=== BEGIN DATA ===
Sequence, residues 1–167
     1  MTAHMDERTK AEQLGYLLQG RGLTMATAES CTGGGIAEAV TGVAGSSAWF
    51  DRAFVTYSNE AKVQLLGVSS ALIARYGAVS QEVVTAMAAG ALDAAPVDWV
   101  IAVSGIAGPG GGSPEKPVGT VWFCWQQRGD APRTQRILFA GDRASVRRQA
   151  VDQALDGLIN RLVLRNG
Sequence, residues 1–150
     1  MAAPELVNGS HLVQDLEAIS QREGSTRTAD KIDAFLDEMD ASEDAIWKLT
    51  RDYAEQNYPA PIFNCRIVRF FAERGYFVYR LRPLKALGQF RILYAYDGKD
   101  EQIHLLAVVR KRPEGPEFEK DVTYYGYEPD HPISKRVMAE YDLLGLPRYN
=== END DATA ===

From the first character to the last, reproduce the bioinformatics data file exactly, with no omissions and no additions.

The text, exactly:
Sequence, residues 1–167
     1  MTAHMDERTK AEQLGYLLQG RGLTMATAES CTGGGIAEAV TGVAGSSAWF
    51  DRAFVTYSNE AKVQLLGVSS ALIARYGAVS QEVVTAMAAG ALDAAPVDWV
   101  IAVSGIAGPG GGSPEKPVGT VWFCWQQRGD APRTQRILFA GDRASVRRQA
   151  VDQALDGLIN RLVLRNG
Sequence, residues 1–150
     1  MAAPELVNGS HLVQDLEAIS QREGSTRTAD KIDAFLDEMD ASEDAIWKLT
    51  RDYAEQNYPA PIFNCRIVRF FAERGYFVYR LRPLKALGQF RILYAYDGKD
   101  EQIHLLAVVR KRPEGPEFEK DVTYYGYEPD HPISKRVMAE YDLLGLPRYN